How to Find the Best Boss to Work For
Working for the right boss (or the wrong one) can make a huge difference in how you feel about your job and the company you're working for. One of the keys to job satisfaction is the quality of the relationship between employees and their supervisors, and one of the most important career decisions that you'll ever make is selecting your next boss.
The boss is the person who's typically making the hiring decision, but you don't have to accept a job offer if you feel the chemistry between you and the person you would be working for doesn't feel right.
Even though you are the one getting hired, you're also interviewing the company and your potential boss. It's important to make sure that you'll be working for someone with the right skills to enable you to be successful on the job. It's also important to be sure that your personality meshes rather than clashes with your prospective manager's personality.
Tips for Checking Out a Prospective Boss
Candidates are often not thorough enough in the assessment of their prospective supervisor since they are preoccupied with making a strong case for being hired during the interview process. By taking the following steps prior to accepting an offer, you can increase your due diligence and improve the odds that your next boss will be a good one.
Make a Criteria List
In advance of your interviews, reflect on your work history. Identify the type of supervisors under whom you have thrived, and those who have made life difficult for you. Develop a list of specific qualities that you would like to see (and avoid) in your next boss. Review the list before interviews so that you can keep these criteria in mind as you go through the interview process.
Assess How Your Future Boss Measures Up
Most individuals look for a boss who is approachable, provides feedback in a constructive manner, recognizes accomplishments and gives credit to employees, provides direction but doesn't micromanage, is open to input from staff, and supports the career advancement and professional development of their employees.
Keep your eyes and ears open during the interview process for any and all indicators regarding whether your prospective boss can measure up in these areas.
Meet With Employees If Possible
Many prospective employers will provide an opportunity during the interview process to meet with employees who either report to your prospective boss or are familiar with their style.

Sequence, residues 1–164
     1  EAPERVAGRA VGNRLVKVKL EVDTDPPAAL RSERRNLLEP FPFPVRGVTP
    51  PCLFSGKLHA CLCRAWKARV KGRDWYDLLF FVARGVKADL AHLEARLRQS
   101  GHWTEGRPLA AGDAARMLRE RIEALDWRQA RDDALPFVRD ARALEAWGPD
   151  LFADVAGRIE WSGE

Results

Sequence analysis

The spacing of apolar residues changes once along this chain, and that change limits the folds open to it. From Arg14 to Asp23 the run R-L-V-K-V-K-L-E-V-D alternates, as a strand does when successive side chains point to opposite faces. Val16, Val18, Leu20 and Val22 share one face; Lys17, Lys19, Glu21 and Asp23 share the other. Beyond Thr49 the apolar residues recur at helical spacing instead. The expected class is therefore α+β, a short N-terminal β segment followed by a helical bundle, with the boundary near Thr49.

If opportunities to meet with other staff aren't offered during the interview process, you might ask to meet with other potential colleagues after you receive a job offer. During these lunches or interviews, ask questions that can help you gain some insight regarding how your boss is perceived.
Questions to Ask
You can learn a great deal about your prospective supervisor by asking questions like:
- How would you describe her management style?
- What are some of his strong qualities as a leader?
- What is it like to work for him?
- How frequently do you meet with her?
- What opportunities are there for professional development?
Check With Your LinkedIn Connections
Look through your LinkedIn contacts to determine if any of your immediate or second level contacts may have worked in your target organization. If so, you might ask them some discrete questions about your prospective supervisor and his or her style.
This should be done in the spirit of due diligence without revealing any misgivings or concerns you may have about your potential supervisor unless the contact is a well-trusted friend. You don't want anything remotely construed as negative getting back to the person who may become your new manager.
Ask for One More Meeting
You may still have concerns after the interview process. Once a job offer has been tendered, it is appropriate to ask for an additional meeting with your prospective supervisor if you haven't had sufficient opportunity to interact with her during the interview process.
During the meeting, you can inquire about expectations for performance and how it would be measured, frequency of meetings, resources for professional development, your new employer's posture on supporting career advancement over time, and any other concerns which have may have emerged during the process of interviewing for the position.
Taking the time to carefully evaluate your new boss prior to accepting a job offer can help you avoid any unpleasant surprises once you are on the job. Remember, you don't have to accept a job offer immediately. You can ask for more time to consider the offer before you accept or decline.